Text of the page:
I’m still trying to figure this out! I think one factor, for the employee, is whether there are still new opportunities and challenges at their current employer. My current position looks nothing like what I was originally hired for 11 years ago. But as someone who works with (but not for) a state agency, I’ve seen the good effects and the bad effects of Civil Service where it is almost impossible to change positions within the agency and a pay cut to leave for a nonprofit. In some cases, the institutional knowledge is a phenomenal benefit while in other cases, it would be better for both the employee and the institution if the employee left for another position. I don’t think there’s a simple answer, especially once partners and children change the equation on the employee’s side.

  3. When I was first being tapped for the top job at my organization (after working for 9 years in various educational roles), I was told by someone I really respected that this was a very bad idea and that I was throwing my career away. “you don’t want to be like ____ and wake up 30 years later and realize you’re still at the same organization.” My internal response: “But even if I’m ED for 5 years, I’ll only be 40 when I move on. . .” A big part of the reason why I’ve stayed all these years is that I haven’t been in the same job–it kept changing. And a big part of the reason I went to SHA last year was to prepare for this new role and broaden my experience and network.

    On a slightly different note, we’ve had some major turnover in the last few years of some really long time employees. Our Director of Development was with us for 20 years before her death. Our Business Manager was with us for 21 years before her retirement. The previous ED was here for 18 years before he stepped back. Because of these changes, we are doing a few things differently. And yet, we all still really miss the experience (particularly with our donors) of these wonderful people.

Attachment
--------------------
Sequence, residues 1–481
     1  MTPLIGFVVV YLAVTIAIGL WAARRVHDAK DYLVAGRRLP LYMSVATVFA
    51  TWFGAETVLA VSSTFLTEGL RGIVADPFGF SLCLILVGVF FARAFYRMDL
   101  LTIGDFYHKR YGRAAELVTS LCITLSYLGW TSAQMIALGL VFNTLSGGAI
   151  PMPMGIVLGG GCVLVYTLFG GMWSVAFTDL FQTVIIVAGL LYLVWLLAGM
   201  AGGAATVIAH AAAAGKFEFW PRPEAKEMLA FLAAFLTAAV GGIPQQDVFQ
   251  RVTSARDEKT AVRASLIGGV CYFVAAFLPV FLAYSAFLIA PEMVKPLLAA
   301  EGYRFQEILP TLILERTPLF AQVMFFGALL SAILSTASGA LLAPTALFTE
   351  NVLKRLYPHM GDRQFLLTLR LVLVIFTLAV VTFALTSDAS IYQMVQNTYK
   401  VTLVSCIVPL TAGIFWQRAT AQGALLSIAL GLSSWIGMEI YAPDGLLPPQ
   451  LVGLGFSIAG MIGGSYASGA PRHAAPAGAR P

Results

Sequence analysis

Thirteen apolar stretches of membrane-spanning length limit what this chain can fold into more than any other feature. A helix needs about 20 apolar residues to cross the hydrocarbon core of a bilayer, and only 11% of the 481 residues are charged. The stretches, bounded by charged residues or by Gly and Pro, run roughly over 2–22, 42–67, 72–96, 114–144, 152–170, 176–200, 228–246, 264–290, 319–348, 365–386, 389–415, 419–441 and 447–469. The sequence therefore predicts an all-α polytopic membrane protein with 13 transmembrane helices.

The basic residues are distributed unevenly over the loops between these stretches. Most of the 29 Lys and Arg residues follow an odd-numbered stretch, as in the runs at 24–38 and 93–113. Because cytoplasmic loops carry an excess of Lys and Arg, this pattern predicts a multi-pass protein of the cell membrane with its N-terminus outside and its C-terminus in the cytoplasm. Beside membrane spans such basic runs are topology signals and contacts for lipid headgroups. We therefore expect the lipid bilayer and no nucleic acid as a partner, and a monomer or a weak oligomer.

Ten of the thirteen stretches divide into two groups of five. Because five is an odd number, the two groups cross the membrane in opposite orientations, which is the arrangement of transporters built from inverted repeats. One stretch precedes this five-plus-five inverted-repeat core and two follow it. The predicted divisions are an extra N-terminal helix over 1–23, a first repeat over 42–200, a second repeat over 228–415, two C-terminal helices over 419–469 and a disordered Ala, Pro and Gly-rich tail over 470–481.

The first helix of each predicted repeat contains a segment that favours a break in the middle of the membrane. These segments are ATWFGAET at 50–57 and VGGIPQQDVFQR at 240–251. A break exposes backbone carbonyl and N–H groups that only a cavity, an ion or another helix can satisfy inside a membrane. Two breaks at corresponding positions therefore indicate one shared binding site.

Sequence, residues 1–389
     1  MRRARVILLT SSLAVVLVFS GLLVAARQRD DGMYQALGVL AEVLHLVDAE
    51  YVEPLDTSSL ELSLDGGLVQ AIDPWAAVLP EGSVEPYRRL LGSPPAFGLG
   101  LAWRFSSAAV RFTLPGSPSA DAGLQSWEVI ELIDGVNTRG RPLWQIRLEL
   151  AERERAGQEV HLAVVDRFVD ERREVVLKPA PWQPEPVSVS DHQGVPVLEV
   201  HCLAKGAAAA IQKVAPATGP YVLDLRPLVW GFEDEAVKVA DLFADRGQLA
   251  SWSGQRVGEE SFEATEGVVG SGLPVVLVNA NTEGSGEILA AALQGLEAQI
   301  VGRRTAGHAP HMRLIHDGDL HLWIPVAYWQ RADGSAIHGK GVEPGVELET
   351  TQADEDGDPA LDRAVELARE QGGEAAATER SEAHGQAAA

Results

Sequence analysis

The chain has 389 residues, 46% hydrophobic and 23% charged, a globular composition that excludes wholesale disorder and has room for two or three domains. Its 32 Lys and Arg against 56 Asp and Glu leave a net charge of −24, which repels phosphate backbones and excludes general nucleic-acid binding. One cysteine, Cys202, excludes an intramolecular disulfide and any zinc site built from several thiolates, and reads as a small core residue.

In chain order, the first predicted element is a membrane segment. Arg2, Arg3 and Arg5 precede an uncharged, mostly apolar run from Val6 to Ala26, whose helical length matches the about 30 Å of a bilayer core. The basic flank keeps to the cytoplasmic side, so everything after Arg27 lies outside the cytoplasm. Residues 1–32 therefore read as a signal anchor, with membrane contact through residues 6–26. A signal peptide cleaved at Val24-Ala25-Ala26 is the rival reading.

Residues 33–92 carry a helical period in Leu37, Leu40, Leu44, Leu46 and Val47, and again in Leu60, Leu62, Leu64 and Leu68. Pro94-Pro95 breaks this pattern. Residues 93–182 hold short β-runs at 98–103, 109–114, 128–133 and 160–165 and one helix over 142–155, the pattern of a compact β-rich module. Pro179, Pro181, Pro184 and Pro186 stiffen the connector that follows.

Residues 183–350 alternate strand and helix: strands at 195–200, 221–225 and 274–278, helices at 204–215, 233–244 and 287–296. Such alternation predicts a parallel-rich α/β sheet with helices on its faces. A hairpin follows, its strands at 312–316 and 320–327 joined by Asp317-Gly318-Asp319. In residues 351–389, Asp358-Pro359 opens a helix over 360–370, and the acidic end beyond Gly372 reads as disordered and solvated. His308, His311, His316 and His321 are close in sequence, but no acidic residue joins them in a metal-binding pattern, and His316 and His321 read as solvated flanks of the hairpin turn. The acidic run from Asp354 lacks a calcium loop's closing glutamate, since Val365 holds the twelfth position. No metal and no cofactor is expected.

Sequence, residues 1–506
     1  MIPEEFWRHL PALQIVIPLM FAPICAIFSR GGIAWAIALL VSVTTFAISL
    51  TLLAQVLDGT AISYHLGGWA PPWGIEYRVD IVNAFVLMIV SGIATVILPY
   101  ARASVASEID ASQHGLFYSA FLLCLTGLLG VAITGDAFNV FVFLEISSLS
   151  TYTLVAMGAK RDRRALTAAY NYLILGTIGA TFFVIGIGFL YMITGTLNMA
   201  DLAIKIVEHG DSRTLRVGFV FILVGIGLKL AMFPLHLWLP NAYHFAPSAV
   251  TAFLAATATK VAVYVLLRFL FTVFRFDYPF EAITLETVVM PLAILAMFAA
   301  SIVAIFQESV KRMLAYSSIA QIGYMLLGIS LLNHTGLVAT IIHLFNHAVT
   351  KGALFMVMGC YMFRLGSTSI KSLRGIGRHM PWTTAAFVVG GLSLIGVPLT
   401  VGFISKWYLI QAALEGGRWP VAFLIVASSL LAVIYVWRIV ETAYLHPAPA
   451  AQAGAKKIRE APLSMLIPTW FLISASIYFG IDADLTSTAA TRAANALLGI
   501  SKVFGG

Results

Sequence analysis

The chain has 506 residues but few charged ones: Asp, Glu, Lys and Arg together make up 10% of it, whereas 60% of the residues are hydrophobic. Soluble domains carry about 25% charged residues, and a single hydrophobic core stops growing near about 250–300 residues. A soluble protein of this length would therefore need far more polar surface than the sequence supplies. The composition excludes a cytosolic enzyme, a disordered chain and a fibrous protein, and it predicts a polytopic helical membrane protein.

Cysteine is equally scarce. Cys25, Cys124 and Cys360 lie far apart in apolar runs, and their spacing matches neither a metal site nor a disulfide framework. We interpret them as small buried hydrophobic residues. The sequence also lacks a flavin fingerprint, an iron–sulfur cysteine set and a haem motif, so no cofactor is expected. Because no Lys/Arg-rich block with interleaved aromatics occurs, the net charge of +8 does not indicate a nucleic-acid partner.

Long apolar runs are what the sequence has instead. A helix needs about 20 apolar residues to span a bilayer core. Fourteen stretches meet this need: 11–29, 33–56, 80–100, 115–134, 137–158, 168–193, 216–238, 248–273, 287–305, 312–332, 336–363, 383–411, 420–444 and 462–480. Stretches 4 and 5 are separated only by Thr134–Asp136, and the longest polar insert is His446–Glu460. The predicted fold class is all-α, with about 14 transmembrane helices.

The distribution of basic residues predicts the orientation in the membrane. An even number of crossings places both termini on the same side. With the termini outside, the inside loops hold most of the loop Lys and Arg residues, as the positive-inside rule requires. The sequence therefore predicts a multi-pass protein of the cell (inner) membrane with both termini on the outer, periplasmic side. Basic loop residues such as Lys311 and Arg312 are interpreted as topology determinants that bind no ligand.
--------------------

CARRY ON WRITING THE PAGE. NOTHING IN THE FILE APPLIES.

I think the strongest organizations have a mix of long time and new employees. And employees that listen to each other, no matter how many years they’ve put in.

  4. I seem to have an internal clock that’s set for 10-12 years which tells me I’ve had sufficient time to make an impact at an organization and it’s time to do something else. I also feel it gives others a chance to make their mark on the organization. I guess it’s similar to term limits on boards (which is another controversial topic). I will cross these limits if it’s clear that I’m still learning and making a difference and the institution is still benefiting and making progress because of my contributions. And it’s still interesting and fun (and I echo Trevor’s admonition to quit if I ever say, “but we tried that before and it didn’t work”). Each time I’ve changed jobs, it gave me a new boost of energy and enthusiasm for myself and my field.

    I’m in my 50s and have noticed that people older than me have their clocks set for longer periods (e.g., 20-30 years) and people younger than me have far shorter periods (e.g. 3-5 years). From my perspective, I look at the folks who have been with an institution for 35 years and wonder, “Is this good for your mental health and the organization’s health?” and “Are you working just for the health benefits?” At the younger folks who stay so briefly, “Did you have sufficient time to see your ideas implemented and tested?” and “How does an organization build momentum when the team keeps changing?”

    Stepping back, perhaps these questions are irrelevant because each person and organization should craft their own opinions about the nature and meaning of work in a museum or historic site (or in life) and pursue it accordingly. I am noticing a shift from a lifetime job at one employer to temporary project-based work at many employers (sometimes simultaneously), and although people may be more comfortable with the former, they might want to prepare for the latter if it comes.

%d bloggers like this: